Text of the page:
At that point, Peter's family began searching for doctors who were specialists in this disease. After a phone call to the Canadian Cancer Society, we were referred to the Dr. Juan Rivera, an Endocrinologist at the Royal Victoria Hospital, a world renowned hospital affiliated with McGill University in Montreal.

Dr. Rivera began treating Peter with sandostatin injections. After about a year, Peter decided to discontinue this treatment because there were no signs that it was benefiting him. During this time, he was on dilaudid for pain and eventually was also on fentanyl patches.

As Peter's pain increased, his pain medication increased proportionately.

Peter was 5'10" and his normal weight was 170 lbs - after his surgery in August 2002, his weight was about 147 - by February 2003, it had dropped to 124 lbs, which was his lowest. Once steroids were added, his weight began to increase and leveled off at about l35 lbs.


Peter received two liver embolizations at the Royal Victoria Hospital in Montreal, Quebec. These embolizations helped to block the main artery to the liver which feeds the tumors.

Concurrently, Peter was also working with doctors at the Jewish General Hospital in Montreal. There he received numerous radiation treatments on various part of his body to help control his pain. The first series in December 2002 was to his lower lumbar area and spinal column, and partial chest area as well. The second series in the summer of 2003 was to different areas of the chest, and the third in the spring of 2004 was to his head and brain.

In March 2003, Peter began having trouble with walking - he was having difficulty getting up from a sitting position and when walking, was unsteady. This condition worsened as his disease progressed. We were told that one day, he may lose his ability to walk altogether, but this never happened. Peter was determined to stay on his feet and stay mobile. As his legs became numb, he learned to alter his walk for balance - he also walked with a cane.

Peter's memory was affected only towards the end of his life. The last 2 to 3 weeks, he was sometimes confused about information he received - he would relate events that were not related.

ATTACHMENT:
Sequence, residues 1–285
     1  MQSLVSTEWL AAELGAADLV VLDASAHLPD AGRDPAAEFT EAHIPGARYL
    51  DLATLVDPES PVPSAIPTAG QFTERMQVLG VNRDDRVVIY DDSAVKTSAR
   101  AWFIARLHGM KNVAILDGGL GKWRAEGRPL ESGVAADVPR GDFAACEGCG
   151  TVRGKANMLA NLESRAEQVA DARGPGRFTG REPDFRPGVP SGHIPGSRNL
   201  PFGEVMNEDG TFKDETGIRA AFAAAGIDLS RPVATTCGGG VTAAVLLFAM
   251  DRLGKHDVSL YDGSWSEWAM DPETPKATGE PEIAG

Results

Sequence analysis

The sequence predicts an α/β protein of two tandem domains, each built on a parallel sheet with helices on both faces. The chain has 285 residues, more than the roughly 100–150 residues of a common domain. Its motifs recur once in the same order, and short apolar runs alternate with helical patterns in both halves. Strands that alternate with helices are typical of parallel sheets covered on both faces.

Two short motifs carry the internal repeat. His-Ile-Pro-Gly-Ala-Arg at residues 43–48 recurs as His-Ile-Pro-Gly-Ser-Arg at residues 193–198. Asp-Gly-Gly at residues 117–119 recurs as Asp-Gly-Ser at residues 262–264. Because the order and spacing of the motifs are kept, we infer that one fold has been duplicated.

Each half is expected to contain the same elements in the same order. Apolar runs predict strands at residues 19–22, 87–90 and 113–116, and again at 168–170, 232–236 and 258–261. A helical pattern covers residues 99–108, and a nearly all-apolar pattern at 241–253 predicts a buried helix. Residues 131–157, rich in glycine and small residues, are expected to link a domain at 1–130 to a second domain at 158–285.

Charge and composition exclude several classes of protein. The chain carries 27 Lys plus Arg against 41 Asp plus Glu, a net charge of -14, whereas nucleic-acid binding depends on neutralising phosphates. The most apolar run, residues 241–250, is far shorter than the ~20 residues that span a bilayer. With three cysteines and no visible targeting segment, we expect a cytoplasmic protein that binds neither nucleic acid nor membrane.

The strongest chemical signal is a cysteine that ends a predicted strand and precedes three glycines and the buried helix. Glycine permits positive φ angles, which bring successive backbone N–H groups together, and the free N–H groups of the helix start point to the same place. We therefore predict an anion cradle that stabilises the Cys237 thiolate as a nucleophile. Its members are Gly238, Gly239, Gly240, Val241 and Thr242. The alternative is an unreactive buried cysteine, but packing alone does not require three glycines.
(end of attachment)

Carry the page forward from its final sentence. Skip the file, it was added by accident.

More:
Throughout his illness, when Peter went to his medical appointments, his doctors were always astonished when they saw how well he continued to function and how courageously he was handling his disease. Everything about this disease as it pertained to Peter was rare. Although the nuclear medicine test that he had taken indicated the disease had not spread to other areas in his body, it had in fact done so. It was already in his liver and soon spread to his spine and other bones as well. And within a few months, we learned that it had also spread to his skull and brain. In Peter's case, this disease was spreading quickly throughout his body.

Peter never complained about his situation - he never asked "why me". He always said that we should enjoy every day, and be thankful and appreciate everyone and everything around us. While he was sick, he appreciated all the care given to him by his loving wife Thelma, family and friends. He was grateful for their love and support. Many people loved him, took care of him and stood by him to the end.

When Peter realized the scope and seriousness of this disease and what was happening to him, he knew that he was on a mission. Peter had decided at a very young age that he wanted to give his body to science. So early on in his illness he asked Dr. Rivera how he could donate his tumors and/or tissues for research. With the information provided by Dr. Rivera, Peter was able to sign the necessary paperwork ahead of time to accomplish this. After Peter's death, an autopsy was done and tissues were removed and stored for research purposes.

We, as a family, have decided to create, through the Royal Victoria Hospital in Montreal, a Foundation for carcinoid research in Peter's name so that his mission can be realized. Through analysis of these rare carcinoid tumors and tissues and, hopefully, tissues of others donated in the future, researchers will have an opportunity to expand their work. Through the Foundation, his family will be raising funds for continued research into this rare disease, and to help increase awareness of the importance of donating tissues and money so that one day all questions about carcinoid syndrome will be answered; and all patients with this horrible disease will be helped. Hopefully, a cure for this disease will be found soon.

So if we all do our part, no matter how small, together we can make a difference.

With all our love for Pete!

Thelma Buker (Mrs. Peter Witthoeft)
The Witthoeft Family